This clip is from Sunday’s Democrat debate on ABC. It’s more evidence that John Edwards is a paranoid demagogue, when he’s not a nothingburger who lets his wife fight his toughest battle, the one with Ann Coulter.
In the debate, Edwards et al are discussing universal health care, and they all agree to one extent or another that a Democrat president will make it happen. Nothing new there. They spend far more time talking about health care than the war, not just in this debate but in their stump speeches and on their web sites.
Keep in mind that the health care industry is roughly one-seventh of the entire US economy. Keep also in mind that not all Americans see government-run anything as the answer to all problems, and that what the press describes as broad support for universal care is quite nuanced, with most Americans actually satisfied with their own health care as is, right now, though most also would like to pay less for what they’re getting (duh — what kind of person wants to pay more for anything?). Keep in mind that among the uninsured in the US, there are millions who can afford coverage but opt not to buy it. That’s their choice, a choice that Edwards and others would take away from them (see California’s proposed universal health care system, for example, which would require that everyone in the state purchase coverage. That’s not so much as solution as a command.). And keep in mind that in spite of how often Democrats extol the Canadian and European universal health care systems, there’s ample evidence that centralized health care systems just aren’t efficient and don’t work as well as the open market. Keep all of that in mind, and then listen to what John Edwards thinks is in the way of universal health care.
“Here’s what I believe. The reason we don’t have universal health care in America today is because of the insurance industry, and the drug companies, and their lobbyists. It’s that simple.”
I won’t pretend to be a health policy wonk, national security being more in my interest, but it seems to me that the insurance and pharma companies are major components of the health care industry. Demonize them all you want, but they’re part of the industry that Edwards wants the government to take over or to mandate sweeping changes in. Any solution to the problem of health care access and affordability is going to require input from them. Edwards’ own plan calls for solutions like regional “Health Care Markets” that would seem to require some input from actual health care industry insiders to put together. Unless he just plans to force ideas on the industry from his Beltway redoubt. But Edwards thinks insurance providers and pharmas are the “only reason” that we don’t already have universal health care and that rather than talk with them or work with them, he would fight them and “defeat” them. Which means….? That as the victor, he would dictate terms to the vanquished? Too bad he doesn’t talk as tough about America’s actual external enemies.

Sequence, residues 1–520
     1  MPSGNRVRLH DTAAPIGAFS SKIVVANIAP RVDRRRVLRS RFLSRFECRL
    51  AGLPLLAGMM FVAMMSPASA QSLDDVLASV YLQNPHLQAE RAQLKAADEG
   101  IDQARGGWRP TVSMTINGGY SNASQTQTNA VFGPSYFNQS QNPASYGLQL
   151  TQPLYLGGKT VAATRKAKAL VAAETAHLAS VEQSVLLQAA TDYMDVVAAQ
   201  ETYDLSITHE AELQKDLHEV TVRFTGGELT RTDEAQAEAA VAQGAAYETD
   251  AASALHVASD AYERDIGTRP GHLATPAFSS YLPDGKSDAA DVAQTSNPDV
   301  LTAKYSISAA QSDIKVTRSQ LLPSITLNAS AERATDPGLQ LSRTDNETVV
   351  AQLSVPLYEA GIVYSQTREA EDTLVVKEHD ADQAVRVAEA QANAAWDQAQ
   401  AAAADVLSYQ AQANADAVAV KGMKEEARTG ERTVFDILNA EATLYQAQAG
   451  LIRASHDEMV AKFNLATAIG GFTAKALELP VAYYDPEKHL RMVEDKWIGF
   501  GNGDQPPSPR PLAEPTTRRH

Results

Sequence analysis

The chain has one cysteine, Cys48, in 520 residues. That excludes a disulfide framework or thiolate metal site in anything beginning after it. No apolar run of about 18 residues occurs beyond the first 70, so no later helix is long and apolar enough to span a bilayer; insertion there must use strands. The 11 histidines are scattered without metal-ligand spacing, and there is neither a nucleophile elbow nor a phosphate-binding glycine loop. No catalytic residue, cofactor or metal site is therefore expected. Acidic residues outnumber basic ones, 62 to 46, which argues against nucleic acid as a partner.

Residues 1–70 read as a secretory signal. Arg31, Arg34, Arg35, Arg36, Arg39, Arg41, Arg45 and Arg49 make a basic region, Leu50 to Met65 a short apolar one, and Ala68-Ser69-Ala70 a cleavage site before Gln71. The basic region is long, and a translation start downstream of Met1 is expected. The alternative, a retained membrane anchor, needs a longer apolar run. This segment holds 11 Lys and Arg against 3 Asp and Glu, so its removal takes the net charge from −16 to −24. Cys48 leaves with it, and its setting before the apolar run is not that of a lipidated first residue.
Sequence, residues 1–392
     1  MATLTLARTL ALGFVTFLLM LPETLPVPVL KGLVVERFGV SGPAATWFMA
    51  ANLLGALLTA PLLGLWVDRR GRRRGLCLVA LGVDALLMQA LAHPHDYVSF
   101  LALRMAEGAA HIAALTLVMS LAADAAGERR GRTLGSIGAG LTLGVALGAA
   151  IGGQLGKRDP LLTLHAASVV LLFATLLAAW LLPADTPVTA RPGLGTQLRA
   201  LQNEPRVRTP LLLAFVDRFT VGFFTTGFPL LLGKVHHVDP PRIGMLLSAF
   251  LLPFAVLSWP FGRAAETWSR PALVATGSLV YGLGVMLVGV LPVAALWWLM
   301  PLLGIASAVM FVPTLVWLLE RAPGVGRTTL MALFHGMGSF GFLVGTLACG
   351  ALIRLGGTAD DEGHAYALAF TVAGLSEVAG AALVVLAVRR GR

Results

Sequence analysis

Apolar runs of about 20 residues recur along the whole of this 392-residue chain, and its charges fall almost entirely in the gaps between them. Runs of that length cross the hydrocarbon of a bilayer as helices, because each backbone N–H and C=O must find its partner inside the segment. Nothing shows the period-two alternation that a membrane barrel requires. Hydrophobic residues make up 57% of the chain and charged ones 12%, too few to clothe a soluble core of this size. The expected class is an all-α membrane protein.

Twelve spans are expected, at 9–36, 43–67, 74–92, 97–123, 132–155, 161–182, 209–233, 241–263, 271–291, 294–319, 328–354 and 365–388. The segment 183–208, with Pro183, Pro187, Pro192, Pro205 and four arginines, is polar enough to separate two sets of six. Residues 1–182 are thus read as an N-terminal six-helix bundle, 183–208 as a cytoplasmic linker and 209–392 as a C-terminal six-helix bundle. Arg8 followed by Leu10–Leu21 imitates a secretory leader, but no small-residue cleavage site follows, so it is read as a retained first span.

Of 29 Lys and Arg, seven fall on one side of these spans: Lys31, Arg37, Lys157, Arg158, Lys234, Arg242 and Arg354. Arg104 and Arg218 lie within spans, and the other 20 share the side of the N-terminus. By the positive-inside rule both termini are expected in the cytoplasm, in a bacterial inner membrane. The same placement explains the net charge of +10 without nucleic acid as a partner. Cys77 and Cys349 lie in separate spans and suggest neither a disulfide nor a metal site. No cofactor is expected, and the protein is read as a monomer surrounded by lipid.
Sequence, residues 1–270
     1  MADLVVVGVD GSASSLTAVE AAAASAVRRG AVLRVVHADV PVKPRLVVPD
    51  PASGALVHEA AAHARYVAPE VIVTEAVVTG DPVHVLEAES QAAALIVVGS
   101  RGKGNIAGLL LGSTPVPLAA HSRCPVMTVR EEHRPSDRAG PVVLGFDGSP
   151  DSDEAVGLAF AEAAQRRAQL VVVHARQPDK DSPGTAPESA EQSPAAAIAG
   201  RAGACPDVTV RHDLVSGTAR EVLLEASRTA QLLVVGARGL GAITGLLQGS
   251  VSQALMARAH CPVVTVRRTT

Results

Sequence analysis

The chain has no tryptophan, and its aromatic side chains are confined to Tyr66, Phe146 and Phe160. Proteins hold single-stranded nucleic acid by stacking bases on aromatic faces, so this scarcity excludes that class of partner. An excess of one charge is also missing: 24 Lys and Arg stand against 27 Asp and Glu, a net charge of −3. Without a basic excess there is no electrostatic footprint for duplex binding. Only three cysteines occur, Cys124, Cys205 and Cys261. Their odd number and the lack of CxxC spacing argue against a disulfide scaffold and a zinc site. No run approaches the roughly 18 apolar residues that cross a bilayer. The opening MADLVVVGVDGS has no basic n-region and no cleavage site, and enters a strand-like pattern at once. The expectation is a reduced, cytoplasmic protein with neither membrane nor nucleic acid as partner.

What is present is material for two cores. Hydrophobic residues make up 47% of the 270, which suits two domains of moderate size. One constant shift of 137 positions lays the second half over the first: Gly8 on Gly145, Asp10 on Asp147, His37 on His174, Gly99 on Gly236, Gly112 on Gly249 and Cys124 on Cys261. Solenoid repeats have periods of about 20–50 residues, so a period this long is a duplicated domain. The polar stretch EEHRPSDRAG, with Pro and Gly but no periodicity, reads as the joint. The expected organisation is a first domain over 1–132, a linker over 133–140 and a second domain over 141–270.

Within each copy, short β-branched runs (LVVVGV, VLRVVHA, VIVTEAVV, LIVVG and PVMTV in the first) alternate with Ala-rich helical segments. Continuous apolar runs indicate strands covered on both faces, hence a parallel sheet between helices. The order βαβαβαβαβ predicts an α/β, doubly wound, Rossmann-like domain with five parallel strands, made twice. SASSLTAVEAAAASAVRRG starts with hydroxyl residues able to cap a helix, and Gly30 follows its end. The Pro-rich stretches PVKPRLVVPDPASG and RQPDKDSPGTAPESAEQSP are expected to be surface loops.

He’s cynically using the symbolism of not accepting any health care lobbyist money to shame and browbeat his opponents, but the fact is that his campaign is fueled mostly by money from trial lawyers. Trial lawyers also have a major influence on health care costs. They may be just as influential on health care costs as the doctors, hospitals, insurance companies and drug companies that they make their living suing. Why doesn’t Edwards want to fight and defeat them? Because they own him: More than half of his donors are trial lawyers, and they have donated seven times the amount that he has raised from any other single profession. Edwards is among the foxes who routinely raid the health care hen house. It takes gall to bash his opponents for accepting donations from insurance and pharma lobbies, when Edwards is so dependent on the lawyers who sue them.
Edwards’ statement on health care strikes me as both cynical (given his connection to trial lawyers as well his having made millions as one) and paranoid, and at the same time dismissive of real and reasonable objections to universalizing a system that millions of Americans simply choose not to participate in. If you’re skeptical that Washington can come up with a universal health care system that will actually cost less, continue to attract quality professionals and function better than the current system, your opinion doesn’t count with John Edwards.